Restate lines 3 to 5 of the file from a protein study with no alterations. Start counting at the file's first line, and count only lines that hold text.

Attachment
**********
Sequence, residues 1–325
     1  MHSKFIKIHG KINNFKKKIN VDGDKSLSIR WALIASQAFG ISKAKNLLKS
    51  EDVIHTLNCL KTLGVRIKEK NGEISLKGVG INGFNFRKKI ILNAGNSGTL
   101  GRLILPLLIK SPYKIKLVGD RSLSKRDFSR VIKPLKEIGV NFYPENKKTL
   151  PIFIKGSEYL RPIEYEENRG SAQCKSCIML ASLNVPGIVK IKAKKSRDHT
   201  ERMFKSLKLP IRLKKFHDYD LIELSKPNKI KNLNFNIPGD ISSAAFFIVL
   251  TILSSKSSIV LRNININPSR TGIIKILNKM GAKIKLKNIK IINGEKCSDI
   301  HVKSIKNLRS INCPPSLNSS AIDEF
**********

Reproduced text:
    51  EDVIHTLNCL KTLGVRIKEK NGEISLKGVG INGFNFRKKI ILNAGNSGTL
   101  GRLILPLLIK SPYKIKLVGD RSLSKRDFSR VIKPLKEIGV NFYPENKKTL
   151  PIFIKGSEYL RPIEYEENRG SAQCKSCIML ASLNVPGIVK IKAKKSRDHT